Posted by: dacalu | 22 April 2014

Forming Relationships

This post continues a series on ethics, which began here. My goal is to work my way through an Anglican process for developing sexual ethics.

Therefore a man leaves his father and his mother and clings to his wife, and they become one flesh. –Genesis 2:24

In my last post on sexual ethics, I set out the idea the humans should not be alone. God creates the first human in the image and likeness of God, but finds that this singularity is not right. God tries to find a companion for Adam in many types of animal, but only when God takes Adam’s rib and forms a second human, does full humanity begin. Adam says, “This at last is bone of my bones and flesh of my flesh.” That, then is the context for the passage with which I began.

Companionship is the reason for these things. Generally, this is seen as the founding of marriage. Becoming one flesh is a particularly powerful image here, as they had been one flesh only moments before. The passage plays with the concepts of individuality and togetherness. For Christians, this is the first ideal image of human relationship; note that it has marriage and sex, but no mention of children. The linkage of sex and procreation, and the claim that this must be the foundation of marriage appears nowhere in Genesis 2. Incidentally, Genesis 1 has God telling the humans to “be fruitful and multiply (28), but makes no mention of, or even allusion to, marriage.

We will come back to marriage, but for now, I want to talk about relationships in general. That includes friendship, comradery, and kinship as well as sex and romance. What makes a relationship a good relationship?


This turns out to be a fairly difficult question, actually, despite the one word answer. It is difficult because we are all tempted to reduce love to something else, pleasure, fulfillment, obedience to God, self-actualization… Christianity denies those reductions. Love is the fundamental virtue in Christianity and it exists fundamentally. I can describe it, but I cannot make it into a version of something else. It is that relationship within the Godhead in which humans can only participate by having similar relationships among themselves. It will turn out that sex and marriage can manifest and strengthen that love, but first we need to know what it is we are working with. My chief resources will be the behavior of Jesus Christ – whom Christians consider fully human – and I Corinthians 13.

In the Gospels, Jesus appears to be constantly in the habit of trying to help people. He notices them when others do not (e.g., Zacchaeus, Luke 19), speaks to them when others will not (e.g., the Samaritan woman, John 4), teaches, heals, and casts out demons. I take it that love has something to do with seeing people as they really are, paying attention to what they need, and acting on that need when you can. Jesus is also open about his own feelings around his disciples, sharing not only his wisdom but his suffering (John 11:35, Matthew 26) and trusting them when he needed to be asleep or alone. I highlight this second point, because it can be easy to see Jesus relationship with his disciples as very one-directional, but the Gospels make Jesus friendship and emotional dependence on them as friends clear (particularly John). Incidentally, this makes their repudiation of him in the Passion even more hurtful. Jesus models love not only in his words, but in his actions.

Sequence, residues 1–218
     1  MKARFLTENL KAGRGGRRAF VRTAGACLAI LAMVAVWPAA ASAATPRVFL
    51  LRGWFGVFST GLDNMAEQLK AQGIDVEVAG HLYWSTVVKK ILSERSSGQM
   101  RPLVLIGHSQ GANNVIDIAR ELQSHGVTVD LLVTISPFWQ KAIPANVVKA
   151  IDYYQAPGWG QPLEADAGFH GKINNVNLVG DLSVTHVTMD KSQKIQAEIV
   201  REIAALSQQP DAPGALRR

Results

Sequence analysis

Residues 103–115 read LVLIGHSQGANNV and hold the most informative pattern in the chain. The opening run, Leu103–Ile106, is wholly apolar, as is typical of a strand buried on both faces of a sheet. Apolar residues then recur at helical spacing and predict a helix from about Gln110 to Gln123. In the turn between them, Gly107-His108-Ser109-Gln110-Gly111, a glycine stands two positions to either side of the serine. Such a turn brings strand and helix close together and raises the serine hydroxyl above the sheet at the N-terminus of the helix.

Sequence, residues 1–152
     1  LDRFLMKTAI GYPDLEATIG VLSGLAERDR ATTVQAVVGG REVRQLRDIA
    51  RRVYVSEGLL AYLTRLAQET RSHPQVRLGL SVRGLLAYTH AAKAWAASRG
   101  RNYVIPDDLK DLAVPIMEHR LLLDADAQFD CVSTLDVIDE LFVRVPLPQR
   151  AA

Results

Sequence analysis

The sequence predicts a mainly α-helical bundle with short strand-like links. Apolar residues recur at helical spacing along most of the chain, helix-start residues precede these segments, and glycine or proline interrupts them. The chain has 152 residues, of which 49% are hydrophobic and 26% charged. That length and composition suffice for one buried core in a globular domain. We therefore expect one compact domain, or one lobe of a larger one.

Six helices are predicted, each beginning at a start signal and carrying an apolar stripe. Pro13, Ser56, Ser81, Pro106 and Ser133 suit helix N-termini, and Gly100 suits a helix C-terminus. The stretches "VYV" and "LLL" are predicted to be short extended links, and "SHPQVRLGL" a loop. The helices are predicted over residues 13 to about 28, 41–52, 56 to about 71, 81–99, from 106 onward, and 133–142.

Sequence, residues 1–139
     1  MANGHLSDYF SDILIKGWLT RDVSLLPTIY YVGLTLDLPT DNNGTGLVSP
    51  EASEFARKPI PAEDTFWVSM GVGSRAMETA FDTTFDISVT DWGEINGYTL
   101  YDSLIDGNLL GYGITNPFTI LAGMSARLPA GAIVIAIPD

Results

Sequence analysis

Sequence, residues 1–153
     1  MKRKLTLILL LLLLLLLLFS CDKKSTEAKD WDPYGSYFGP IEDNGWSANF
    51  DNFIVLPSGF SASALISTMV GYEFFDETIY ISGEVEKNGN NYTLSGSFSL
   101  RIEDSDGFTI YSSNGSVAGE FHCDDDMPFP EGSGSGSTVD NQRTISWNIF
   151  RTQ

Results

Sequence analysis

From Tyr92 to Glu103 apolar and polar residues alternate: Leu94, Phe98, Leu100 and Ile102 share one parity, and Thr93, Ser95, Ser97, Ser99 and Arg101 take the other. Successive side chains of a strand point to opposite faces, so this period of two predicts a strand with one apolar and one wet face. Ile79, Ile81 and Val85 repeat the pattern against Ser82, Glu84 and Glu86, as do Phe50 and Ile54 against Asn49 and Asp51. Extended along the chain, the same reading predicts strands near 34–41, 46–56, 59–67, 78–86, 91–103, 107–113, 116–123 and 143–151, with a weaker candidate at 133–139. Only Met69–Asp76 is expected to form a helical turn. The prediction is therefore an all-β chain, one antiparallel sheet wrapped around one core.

I also must mention self-sacrifice. Love asks more than giving out of convenience. It calls for a willingness to treat another person with the same dignity (neither more nor less) than you treat yourself. It means being willing to give up even something as great as your life, if that loss will result in a greater benefit for those you love. Jesus love was concrete, but also open ended.

“No one has greater love than this, to lay down one’s life for one’s friends.” John 15:13

[As an aside, I will mention a radical difference presented here between Christian love and modern secular notions of love. For some reason, romantic love has come to be seen as a ‘higher’ form of love or a deeper commitment than friendship. I am unwilling to think of Jesus as, in some way, failing to reach his full potential by not being romantically involved. As a Christian, it will be necessary to think of love and commitment in a number of ways, but not to privilege romantic love in this way.]

In I Corinthians 12 and 13, Paul sets forth a much more abstract. I will not repeat the oft quotes verses, but shall mention a few things that stand out for me. Love means being part of a community that is greater than yourself. It is about seeing yourself as a part instead of a whole, but it is also about valuing this relationship with neighbor as higher than anything else. It is not about success, or correctness (even righteousness). It is not about truth or endurance. It is sufficient in and of itself.

And so, as we move forward, this will be the standard I use to judge relationships:

Do they manifest love?

Do they make the lovers greater together than the sum of them apart?

Do the show us the image of God?


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